THE BIG NECESSITY: Adventures in the World of Human Waste by Rose George
From CHINA INTERNATIONAL BUSINESS October 1, 2008 Print & Web Edition
Reviewed by Mina Choi
Adventures in the World of Human Waste
By Rose George
304pp / Metropolitan / USD 26
What happens to the feces that you flush down the toilet? Rose George, a journalist who used to write for British newspapers The Guardian and The Independent, has traveled all over the world to uncover the mystery of the world’s sanitation systems and to map the terrain of “shit,” which she consistently refers to using this coarse expression throughout the book.
Adopting a no holds-barred approach, George holds her nose and delves into sewage systems and latrines across the globe – along the way scrutinizing Plan Ecosan toilets in sub-Saharan Africa, biogas systems in China’s Shaanxi Province, and subsidized group-installed latrines in the most poverty stricken villages of Bangladesh.
With rigor and a sense of righteousness, George documents just what it means to have sanitation when three-fifths of the world's population does not. Unabashedly direct, George makes her case clear in the introduction: “Rich toileted people; poor toiletless masses. Life, luxury and health for the privileged. Disease, death and business as usual for the poor.”
As she investigates everything from crude pit latrines to exotic, high-tech mechanisms, George provides a slew of impressive statistics: 2.6 billion people in the world don’t have access to sanitation; 4 in 10 have no access to any latrine, toilet, bucket, or even box; and 80% of the world’s illnesses are caused by fecal matter in the water. “A gram [of it] can contain 10 million viruses, 1 million bacteria, 1,000 parasite cysts, and 100 worm eggs,” she adds.
If these statistics weren’t frightening enough, George also bursts through the myth that those of us comfortably ensconced in a Western-style sanitation system are safe: listing cases from Ireland to Milwaukee, George finds shockingly sub-standard sewage drainage systems that often, and easily, fail. “Despite the technology, the engineers, and the ingenuity of the modern sanitary systems . . . even the richest, best-equipped humans still don’t know what to do with sewage except to move it somewhere else and hope no-one notices when it is poured untreated into drinking water,” she writes. “And they don’t.”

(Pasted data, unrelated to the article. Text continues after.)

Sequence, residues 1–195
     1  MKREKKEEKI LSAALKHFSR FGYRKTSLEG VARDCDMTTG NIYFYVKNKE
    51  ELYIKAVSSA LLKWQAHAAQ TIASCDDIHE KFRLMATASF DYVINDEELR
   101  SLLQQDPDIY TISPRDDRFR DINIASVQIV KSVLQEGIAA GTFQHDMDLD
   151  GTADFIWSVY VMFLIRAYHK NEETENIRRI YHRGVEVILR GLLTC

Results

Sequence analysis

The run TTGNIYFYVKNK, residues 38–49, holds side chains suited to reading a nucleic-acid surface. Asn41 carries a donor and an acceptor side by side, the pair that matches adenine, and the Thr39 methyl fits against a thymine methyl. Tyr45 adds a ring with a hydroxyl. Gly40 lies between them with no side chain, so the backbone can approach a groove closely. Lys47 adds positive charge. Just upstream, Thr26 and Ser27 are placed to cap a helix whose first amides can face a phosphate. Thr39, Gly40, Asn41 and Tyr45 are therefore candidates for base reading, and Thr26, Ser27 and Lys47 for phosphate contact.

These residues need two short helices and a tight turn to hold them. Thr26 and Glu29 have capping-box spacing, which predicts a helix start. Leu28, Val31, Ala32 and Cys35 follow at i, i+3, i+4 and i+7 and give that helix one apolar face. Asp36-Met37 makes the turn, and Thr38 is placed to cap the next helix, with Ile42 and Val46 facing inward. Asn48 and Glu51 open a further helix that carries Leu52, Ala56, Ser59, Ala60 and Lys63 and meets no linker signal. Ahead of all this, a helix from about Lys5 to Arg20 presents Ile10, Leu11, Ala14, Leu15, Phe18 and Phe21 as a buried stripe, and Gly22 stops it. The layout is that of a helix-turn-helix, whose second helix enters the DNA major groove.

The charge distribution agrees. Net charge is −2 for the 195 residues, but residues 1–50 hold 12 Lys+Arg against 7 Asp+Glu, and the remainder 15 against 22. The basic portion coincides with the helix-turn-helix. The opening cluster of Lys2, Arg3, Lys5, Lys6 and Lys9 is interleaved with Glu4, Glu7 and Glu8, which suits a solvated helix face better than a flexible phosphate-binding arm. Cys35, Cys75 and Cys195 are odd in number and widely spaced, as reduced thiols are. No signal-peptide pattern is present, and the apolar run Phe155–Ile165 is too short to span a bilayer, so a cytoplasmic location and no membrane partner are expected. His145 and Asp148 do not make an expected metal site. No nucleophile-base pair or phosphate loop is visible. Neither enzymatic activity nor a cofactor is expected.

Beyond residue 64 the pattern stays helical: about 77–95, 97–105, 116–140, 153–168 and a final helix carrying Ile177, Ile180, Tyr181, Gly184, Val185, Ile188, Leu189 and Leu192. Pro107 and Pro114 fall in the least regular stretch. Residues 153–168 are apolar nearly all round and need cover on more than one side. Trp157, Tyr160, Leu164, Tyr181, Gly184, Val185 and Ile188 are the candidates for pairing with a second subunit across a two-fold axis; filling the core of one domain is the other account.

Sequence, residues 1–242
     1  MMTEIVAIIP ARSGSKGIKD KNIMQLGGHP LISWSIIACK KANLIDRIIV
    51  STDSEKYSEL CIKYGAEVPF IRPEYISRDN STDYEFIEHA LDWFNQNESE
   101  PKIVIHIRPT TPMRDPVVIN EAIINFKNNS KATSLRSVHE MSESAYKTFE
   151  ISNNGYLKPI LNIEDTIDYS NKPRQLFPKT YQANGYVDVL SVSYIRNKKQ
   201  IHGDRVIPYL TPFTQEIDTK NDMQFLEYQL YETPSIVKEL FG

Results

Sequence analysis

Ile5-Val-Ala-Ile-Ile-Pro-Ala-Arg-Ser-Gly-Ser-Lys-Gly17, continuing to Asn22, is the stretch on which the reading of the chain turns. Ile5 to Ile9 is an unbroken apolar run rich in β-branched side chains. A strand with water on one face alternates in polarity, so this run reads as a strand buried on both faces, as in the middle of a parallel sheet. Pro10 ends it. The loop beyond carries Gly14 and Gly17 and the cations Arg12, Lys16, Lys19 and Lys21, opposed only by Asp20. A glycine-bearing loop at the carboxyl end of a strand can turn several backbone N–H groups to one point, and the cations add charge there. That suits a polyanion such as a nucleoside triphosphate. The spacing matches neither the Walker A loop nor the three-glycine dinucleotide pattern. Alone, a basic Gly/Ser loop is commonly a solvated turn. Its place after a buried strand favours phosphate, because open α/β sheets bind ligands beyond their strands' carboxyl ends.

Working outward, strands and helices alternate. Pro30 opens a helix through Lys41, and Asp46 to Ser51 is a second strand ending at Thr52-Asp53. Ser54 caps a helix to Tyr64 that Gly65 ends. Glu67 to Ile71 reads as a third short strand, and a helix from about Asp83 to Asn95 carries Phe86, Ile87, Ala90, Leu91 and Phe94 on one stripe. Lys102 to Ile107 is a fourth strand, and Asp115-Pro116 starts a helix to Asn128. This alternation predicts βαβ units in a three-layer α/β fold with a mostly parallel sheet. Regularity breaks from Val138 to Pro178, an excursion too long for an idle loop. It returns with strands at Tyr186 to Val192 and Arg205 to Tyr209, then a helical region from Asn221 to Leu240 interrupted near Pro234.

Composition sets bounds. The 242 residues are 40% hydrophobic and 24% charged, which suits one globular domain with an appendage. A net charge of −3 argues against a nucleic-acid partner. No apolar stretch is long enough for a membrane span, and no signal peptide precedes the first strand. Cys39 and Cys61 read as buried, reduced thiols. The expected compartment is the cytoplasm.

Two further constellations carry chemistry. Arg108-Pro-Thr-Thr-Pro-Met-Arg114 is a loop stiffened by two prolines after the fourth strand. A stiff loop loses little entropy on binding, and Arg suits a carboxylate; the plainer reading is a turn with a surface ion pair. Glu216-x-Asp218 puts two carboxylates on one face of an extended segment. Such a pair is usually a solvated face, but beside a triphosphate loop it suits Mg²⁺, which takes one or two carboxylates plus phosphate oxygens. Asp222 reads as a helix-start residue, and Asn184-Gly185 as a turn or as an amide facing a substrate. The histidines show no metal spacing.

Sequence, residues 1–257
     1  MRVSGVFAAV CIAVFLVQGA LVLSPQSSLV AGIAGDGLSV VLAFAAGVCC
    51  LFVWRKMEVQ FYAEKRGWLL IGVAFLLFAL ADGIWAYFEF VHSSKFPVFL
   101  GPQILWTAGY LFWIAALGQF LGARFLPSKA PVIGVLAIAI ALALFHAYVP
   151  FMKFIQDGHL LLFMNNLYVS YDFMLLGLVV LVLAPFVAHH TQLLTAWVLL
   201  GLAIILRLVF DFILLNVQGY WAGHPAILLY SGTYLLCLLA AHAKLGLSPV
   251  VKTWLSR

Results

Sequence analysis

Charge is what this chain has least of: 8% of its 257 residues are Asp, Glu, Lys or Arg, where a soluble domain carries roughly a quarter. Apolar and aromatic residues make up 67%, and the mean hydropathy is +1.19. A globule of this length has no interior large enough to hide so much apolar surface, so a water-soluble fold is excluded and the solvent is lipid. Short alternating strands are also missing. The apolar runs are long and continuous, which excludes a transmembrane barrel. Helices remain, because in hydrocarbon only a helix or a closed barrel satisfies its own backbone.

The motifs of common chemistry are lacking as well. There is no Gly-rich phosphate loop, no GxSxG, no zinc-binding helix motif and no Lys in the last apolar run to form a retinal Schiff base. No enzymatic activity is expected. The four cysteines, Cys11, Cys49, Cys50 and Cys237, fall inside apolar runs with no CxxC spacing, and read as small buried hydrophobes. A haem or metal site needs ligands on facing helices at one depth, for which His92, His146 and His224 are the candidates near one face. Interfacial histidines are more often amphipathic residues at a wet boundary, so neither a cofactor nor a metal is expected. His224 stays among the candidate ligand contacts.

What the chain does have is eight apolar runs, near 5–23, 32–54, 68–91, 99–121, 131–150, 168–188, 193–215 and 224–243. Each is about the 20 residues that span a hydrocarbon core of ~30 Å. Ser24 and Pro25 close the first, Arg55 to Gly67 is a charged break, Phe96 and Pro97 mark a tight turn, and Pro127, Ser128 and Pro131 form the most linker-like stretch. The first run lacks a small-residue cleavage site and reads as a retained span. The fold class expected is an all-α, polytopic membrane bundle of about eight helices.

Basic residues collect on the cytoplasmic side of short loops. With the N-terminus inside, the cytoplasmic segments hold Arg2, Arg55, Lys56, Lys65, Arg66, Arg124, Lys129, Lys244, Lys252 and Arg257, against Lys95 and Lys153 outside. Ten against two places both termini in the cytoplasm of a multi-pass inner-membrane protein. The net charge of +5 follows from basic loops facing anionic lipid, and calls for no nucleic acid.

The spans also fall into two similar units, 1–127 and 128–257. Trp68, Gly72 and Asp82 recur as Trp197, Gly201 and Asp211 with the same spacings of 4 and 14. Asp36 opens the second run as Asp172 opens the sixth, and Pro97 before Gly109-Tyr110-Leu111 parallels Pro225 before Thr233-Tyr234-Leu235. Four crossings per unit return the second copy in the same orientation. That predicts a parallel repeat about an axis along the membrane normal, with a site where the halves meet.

George also charts the history of some of the oldest sanitation systems in the world, from the development of the London sewers in the late 1800s to New York City’s oft-challenged sewage system, which spills raw sewage into the river whenever the city is hit with more than half an inch of rain in an hour. But the true rallying call for George’s sharp and amusing exposé is her concern for the masses, for whom a decent toilet — even a basic latrine without flushing water — means a change in lifestyle and a step out of the circle of poverty: goodbye to chronic illness, dysentery, and even death.
According her statistics, every dollar invested in sanitation returns USD 7 in averted healthcare costs and productivity gained. In some parts of Africa, improved sanitation has brought an unforeseen benefit – better school attendance because children don’t have to leave the school grounds and walk a distance to squat over a discreet piece of land. In Bangladesh, a subsidized toilet program empowers women who don’t have to spend hours transporting water and looking after the ill.
Particularly captivating are the anecdotes of the crusaders, who have taken up a very unpopular cause aiding the 2.6 billion people who do without what most of us take for granted. For Gram Vikras, who has spent years convincing poor Bangladeshi villagers to install latrines; for Trevor Mulaudzi, who gave up his highly-paid job to get the slums of South Africa to install no-flush latrines; and for Wang Mingying of Shaanxi Mothers, a group which has installed 1,294 biogas digesters in 26 villages, the victory for proper sanitation has been hard-fought and hard-won.
George also makes sure to cover the humorous side of sanitation — from TOTO’s difficulties marketing its multi-function Washlet toilet to skeptical Japanese customers, to Beijing’s rushed and Potemkin-like installation of 5,000 public toilets leading up to the Olympics.
The term “toilet book” usually refers to a lightweight
work that is, at most, deserving of five minutes of our attention while
on the lavatory. George’s carefully charted journey through the
saga of sanitation, and the variegated and often dangerous disposal
of feces, is a book about toilets, but it’s much more than a mere
“toilet book” – it’s a work that deserves to
be read by all.
For a complete list of Articles on Books by Mina Choi click HERE